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Beni Raz on a hill overlooking the Karnei Shomron settlement in the West Bank, where he has lived for 13 years.
Beni Raz on a hill overlooking the Karnei Shomron settlement in the West Bank, where he has lived for 13 years. (Michal Fattal for the Boston Globe)

West Bank settlers looking to relocate

Many pressing for compensation

KARNEI SHOMRON, West Bank -- Like many of the 7,000 residents here, Beni Raz did not come to live in the West Bank for ideological reasons. Having grown up in an Israeli farming community and then having four children of his own, he wanted to live in a small town, with space so that his family could ''live a good life."

So in 1993, Raz moved his family to Karnei Shomron, about 6 miles west of Nablus, thinking a coming peace would allow him to stay for the remainder of his days. Thirteen years later, he is desperate to leave.

''I'm looking 100 meters ahead, and I see this won't be a part of the country," Raz said. ''We're saying, 'We don't want to wait, let's go now.' "

Raz is a founding member of Bayit Ehad, Hebrew for ''One Home." Founded a few months before Israel removed all its settlers from the Gaza Strip last summer, the movement is lobbying the government to pay compensation to West Bank settlers who want to return now to within the pre-1967 borders of Israel rather than wait until, presumably, they are forced to do so.

Following recent comments from Acting Prime Minister Ehud Olmert that further rounds of disengagement are inevitable, Bayit Ehad is stepping up its efforts.

If the Kadima Party that Olmert inherited from ailing Prime Minister Ariel Sharon wins the Israeli elections on Tuesday as expected, Olmert has said he intends to evacuate settlers within the next few years whose communities do not fall within the security barrier that Israel is building around and through the West Bank. If the barrier is completed along the currently planned route, about 80,000 of the 250,000 Israeli settlers living in the West Bank will remain on the Palestinian side.

Under current plans outlined by top Kadima politicians, Karnei Shomron would remain on the Israeli side of the barrier, and thus under Israeli control for the foreseeable future.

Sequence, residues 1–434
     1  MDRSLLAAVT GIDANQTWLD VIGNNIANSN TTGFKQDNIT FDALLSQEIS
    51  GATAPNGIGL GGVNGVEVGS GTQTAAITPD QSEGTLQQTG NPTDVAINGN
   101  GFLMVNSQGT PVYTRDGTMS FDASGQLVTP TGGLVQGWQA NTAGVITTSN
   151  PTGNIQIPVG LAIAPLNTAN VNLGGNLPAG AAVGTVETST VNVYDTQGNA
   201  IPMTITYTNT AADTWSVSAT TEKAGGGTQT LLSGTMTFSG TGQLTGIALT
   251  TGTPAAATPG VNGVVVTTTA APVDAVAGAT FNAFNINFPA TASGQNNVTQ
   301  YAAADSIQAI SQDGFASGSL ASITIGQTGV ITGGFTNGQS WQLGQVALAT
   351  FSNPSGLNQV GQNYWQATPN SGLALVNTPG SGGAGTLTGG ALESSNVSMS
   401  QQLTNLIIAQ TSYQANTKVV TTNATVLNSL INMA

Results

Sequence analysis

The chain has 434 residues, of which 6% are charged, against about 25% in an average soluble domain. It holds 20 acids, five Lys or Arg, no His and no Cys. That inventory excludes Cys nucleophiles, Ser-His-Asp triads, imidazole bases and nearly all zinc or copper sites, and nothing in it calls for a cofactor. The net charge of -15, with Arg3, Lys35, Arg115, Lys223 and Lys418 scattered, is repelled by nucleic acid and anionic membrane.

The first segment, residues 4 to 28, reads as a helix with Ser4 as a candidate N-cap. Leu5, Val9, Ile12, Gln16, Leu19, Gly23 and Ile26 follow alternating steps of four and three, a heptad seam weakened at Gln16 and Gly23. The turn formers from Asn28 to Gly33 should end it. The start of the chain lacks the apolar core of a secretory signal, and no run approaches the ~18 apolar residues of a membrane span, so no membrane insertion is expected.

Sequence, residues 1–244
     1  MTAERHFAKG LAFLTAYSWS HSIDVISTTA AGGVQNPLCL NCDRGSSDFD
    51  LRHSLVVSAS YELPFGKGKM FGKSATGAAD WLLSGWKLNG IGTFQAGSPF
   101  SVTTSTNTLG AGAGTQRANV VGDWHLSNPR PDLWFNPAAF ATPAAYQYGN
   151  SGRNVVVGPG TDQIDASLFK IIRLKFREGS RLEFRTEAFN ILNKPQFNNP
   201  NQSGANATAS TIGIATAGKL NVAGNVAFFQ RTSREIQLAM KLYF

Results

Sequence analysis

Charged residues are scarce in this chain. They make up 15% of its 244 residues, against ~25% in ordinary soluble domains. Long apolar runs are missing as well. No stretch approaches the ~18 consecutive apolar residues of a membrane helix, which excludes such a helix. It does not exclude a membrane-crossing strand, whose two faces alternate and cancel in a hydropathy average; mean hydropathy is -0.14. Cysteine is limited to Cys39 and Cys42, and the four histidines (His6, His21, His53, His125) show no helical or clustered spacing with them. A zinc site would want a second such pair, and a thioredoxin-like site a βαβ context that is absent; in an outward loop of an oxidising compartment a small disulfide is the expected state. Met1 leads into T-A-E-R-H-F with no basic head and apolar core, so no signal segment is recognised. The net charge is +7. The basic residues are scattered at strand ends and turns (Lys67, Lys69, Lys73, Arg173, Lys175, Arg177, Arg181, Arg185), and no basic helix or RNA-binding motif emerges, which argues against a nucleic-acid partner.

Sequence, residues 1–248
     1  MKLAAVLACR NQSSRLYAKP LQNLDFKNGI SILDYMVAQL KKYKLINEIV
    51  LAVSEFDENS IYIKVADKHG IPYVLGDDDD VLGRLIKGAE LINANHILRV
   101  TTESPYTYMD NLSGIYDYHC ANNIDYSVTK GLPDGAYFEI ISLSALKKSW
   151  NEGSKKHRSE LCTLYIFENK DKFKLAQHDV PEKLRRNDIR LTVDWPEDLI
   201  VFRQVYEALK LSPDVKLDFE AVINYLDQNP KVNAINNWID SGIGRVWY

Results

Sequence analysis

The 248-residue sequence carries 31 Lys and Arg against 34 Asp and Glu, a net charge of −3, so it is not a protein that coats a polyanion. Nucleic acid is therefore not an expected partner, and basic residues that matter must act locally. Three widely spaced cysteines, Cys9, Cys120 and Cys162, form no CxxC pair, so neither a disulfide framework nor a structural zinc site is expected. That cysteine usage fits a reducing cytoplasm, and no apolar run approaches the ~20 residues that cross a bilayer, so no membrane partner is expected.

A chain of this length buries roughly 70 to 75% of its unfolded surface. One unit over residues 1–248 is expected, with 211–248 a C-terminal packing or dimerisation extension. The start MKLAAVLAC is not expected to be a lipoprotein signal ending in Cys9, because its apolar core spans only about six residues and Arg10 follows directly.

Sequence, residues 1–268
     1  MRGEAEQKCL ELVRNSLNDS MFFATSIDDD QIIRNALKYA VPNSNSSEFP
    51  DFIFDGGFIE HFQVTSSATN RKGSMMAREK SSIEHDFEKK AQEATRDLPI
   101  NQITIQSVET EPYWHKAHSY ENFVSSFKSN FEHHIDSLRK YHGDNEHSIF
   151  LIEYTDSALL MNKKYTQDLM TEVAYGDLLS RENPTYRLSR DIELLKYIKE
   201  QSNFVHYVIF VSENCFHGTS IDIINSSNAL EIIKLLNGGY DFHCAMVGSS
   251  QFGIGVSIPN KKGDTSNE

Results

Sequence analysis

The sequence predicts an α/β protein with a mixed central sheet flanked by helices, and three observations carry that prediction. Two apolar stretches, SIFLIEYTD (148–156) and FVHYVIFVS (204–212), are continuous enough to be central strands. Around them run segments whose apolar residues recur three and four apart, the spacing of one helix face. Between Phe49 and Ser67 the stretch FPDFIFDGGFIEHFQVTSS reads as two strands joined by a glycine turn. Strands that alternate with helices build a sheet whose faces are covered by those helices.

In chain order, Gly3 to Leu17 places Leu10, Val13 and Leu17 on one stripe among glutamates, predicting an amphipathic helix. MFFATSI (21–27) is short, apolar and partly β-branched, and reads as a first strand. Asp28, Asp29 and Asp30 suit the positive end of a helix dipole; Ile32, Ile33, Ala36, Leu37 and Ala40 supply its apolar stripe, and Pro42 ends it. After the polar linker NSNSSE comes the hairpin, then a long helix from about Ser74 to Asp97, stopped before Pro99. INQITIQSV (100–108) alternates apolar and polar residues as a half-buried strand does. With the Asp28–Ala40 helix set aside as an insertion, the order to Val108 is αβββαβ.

Nevertheless, Raz said residents doubt that Israel could permanently retain settlements like this one deep inside the West Bank, and the settlers would rather get on with their lives than wait for an inevitable day when they were evicted.

''Reality is stronger than we are and we know the world is changing," said Raz, who sees no final peace here unless Israel withdraws to the pre-1967 borders. ''We want to build our future and we want to build it in a permanent place."

Though the image of the Israeli settler is usually one of uncompromising belief in the right to live on land promised to Jews by God, statistics provided by the main settler council indicate that 40 percent of the Jews living in the West Bank are secular. Like Raz, they were enticed to come by government-subsidized housing and the strong sense of community that permeates settlements like this one.

''We don't want to be a card for the government to play in negotiations," Raz said. ''Most of us are not ideologues. We just came here for a good life, and we're very happy to have it somewhere else."

The compensation is necessary, Raz said, because the prospect of further disengagement has heavily devalued his home and land. Settlers across West Bank towns, especially those that fall outside the security fence, describe similar circumstances.

Colette Avital, a Labor party member of the Knesset and Bayit Ehad cofounder, had people like Raz in mind when drawing up legislation providing such compensation.

''To make it possible to return [to pre-1967 Israel] doesn't only mean to meet people and have a coffee with them," Avital said. ''This [legislation] promotes their interests and gives them the tools and means to come back."

After the elections, Avital plans to introduce the legislation, which includes the stipulation that settlers move to pre-1967 Israel in order to receive the compensation.

The law would also make the vacated home the property of the government, preventing new families from moving into the structure, as occurred in Gaza before the disengagement there.

She gives no estimates for its cost, but insists providing compensation for people to leave of their own accord is much less expensive than forcing them out. Israel spent around $2.2 billion compensating arranging new housing for 9,000 people last summer.

Avital expects a tough political fight to get the bill passed, as it has not won endorsement from the centrist Kadima, much less from the right-wing parties. Its prospects, she said, depend heavily on the makeup of the next Knesset.

While settler leaders acknowledge that individual threats may have occurred, they say there is no widespread plan to undermine Bayit Ehad or to prevent anyone from leaving the West Bank.

Emily Amrusi, a spokeswoman for the Council of Jewish Communities in Judea, Samaria, and Gaza, which uses the biblical names for the two main sections of the West Bank, disputed Raz's assertion that settlers had intimidated those seeking to withdraw.

''If they want to go, we will be very sad but they can go," she said.

When the council looked into the Bayit Ehad movement, Amrusi said, it found its support to be very low and was ''not a threat" to their cause of retaining the West Bank for Israel.

Despite last summer's disengagement and the forecast for further withdrawals, she said, the number of Jews in areas that the council represents remained steady in 2005 and will increase this year.

''The settlements are growing all the time and there are every day more families coming to them," Amrusi said.

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